Brownsburg-Chatham councillors pressure Mayor Catherine Trickey to resign

In a surprise move, all six Brownsburg-Chatham councillors gave Mayor Catherine Trickey an ultimatum at council’s April 3 meeting: resign with 48 hours or expect legal action. What’s more, council approved having the municipality spend up to $15,000 for legal proceedings if necessary.
The resolution was read by councillor Sylvie Décosse, who said that the councillors had organized a special meeting and that their decision to ask for the mayor’s resignation was unanimous.
Décosse read a lengthy list of grievances against the mayor, reiterating that the mayor had authorized expenditures which had not been authorized by council, and taking her to task for a March 29 article written by Le Régional journalist Francis Legault in which council contends that the mayor talked about subjects which should be private and therefore breached the municipality’s confidentialty. The motion also stated that she talked about subjects which had not even been discussed by council. The resolution further stated that council will not pay directly or indirectly for services which it did not authorize.
The motion also stated that councillors have lost all confidence in the mayor, and asked her to provide her resignation in writing within 48 hours.
When Décosse finished reading the motion, there was much applause from the audience, but there was also some applause when Trickey replied that she had a mandate to serve as mayor and she would complete that mandate.
Trickey confirmed to The Review that she would complete her mandate and that she is preparing a reply to council on the matter and that further, she will reply to the claims about spending authorized by her without the approval of council.
In a March 14 letter sent to the municipality from the Ministère des Affaires municipales et de l’Occupation tu Territoire (MAMOT), Richard Villeneuve, CPA, CA, reviewed the expenditures of $2,257.36 paid to legal firm Loranger Marcoux in 2016. This item had been authorized solely by the mayor, but was approved retroactively by council, Villeneuve noted in the letter. He went on to say that it had been brought to his attention that another such instance had occurred.
A complaint to MAMOT regarding the mayor had been made by Kevin Bush.
The letter, which was addressed to the former Directeur général (DG) René Tousignant, advised him to deliver the letter to councillors in order to take the necessary measures to ensure that this kind of situation does not happen again.
From the beginning, Trickey has maintained that she had been in a position where she made the decision she felt was best for the municipality.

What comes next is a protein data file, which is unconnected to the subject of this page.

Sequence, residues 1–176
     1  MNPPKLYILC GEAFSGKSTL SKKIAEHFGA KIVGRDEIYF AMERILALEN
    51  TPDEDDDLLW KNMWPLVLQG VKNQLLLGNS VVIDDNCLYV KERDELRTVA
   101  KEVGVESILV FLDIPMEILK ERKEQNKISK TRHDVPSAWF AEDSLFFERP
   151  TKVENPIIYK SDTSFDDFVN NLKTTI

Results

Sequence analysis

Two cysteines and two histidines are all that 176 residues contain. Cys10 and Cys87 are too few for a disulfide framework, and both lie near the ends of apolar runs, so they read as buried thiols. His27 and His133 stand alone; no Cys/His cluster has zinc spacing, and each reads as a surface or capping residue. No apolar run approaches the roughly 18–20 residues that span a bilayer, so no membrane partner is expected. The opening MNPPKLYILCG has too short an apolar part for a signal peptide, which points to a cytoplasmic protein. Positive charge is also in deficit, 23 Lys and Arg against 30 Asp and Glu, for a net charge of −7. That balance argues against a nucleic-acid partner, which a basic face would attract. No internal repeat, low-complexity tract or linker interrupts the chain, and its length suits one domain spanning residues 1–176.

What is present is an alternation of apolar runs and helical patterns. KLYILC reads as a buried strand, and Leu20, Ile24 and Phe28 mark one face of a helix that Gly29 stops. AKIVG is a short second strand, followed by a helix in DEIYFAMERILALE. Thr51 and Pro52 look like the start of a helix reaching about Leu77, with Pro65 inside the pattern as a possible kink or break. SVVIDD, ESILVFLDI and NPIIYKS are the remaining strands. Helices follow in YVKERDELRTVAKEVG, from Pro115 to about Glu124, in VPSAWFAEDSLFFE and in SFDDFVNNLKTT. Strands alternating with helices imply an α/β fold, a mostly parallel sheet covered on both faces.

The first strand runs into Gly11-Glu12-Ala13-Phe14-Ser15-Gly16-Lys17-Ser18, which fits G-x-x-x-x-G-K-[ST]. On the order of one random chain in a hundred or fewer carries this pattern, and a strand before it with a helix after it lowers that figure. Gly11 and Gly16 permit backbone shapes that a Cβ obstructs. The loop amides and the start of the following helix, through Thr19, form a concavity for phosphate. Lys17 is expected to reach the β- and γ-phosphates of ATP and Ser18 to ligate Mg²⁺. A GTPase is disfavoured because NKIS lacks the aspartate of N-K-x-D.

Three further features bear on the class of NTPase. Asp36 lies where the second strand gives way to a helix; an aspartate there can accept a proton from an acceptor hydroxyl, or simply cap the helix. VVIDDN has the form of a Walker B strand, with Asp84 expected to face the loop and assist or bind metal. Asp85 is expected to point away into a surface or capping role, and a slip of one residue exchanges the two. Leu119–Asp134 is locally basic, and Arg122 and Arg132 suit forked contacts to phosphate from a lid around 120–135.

The majority of council recently voted not to extend DG René Tousignant’s contract, Brownsburg-Chatham councillor Stephen Rolland told The Review.
Council was to meet Tuesday evening (April 10) to discuss a possible DG replacement.
During one of the two question periods, Martin Charron read from what he described as a press release from Tousignant, although an audience member who looked at the letter afterward said it was unsigned. Tousignant’s statement contained accusations towards the mayor related to his treatment while employed by the municipality, but ended with him stating that he hoped people will remember his work in a positive way and thanked everyone for their support.

There were challenges to council related to bringing new businesses to the municipality, one in particular stating that the Argenteuil MRC (regional government), which consists of local mayors, was preventing Brownsburg-Chatham from having its own industrial park.

Allan Carpenter was adamant about the need for an industrial park in Brownsburg-Chatham. He contended that the municipal council should be able to decide what happens within the boundaries of the municipality — not the MRC.

“Grenville has one …. why should we not have the right to have an industrial park — it could brings jobs and reduce our taxes?” Carpenter asked.

“I don’t think it is right that the mayors of other municipalities tell us what we can and cannot do,” Carpenter said.

Councillor Stephen Rolland replied that the municipality was kind of stuck, as much of the business development seemed to happen in Lachute.

Rolland said that Brownsburg-Chatham could develop agriculture and increase its population, but said that the municipality would likely remain a municipality for people who work in Lachute.

Carpenter answered that there were no longer any banks in Brownsburg-Chatham and asked how the population would increase when no one even has any interest in buying a house in the municipality?

Louise Sproule

Louise Sproule has been the publisher of The Review since 1992. A part-time job after high school at The Review got Sproule hooked on community newspapers and all that they represent. She loves to write, has covered every kind of event you can think of, loves to organize community events and loves her small town and taking photographs across the region. She dreams of writing a book one day so she can finally tell all of the town's secrets! She must be stopped! Keep subscribing to The Review . . . or else!

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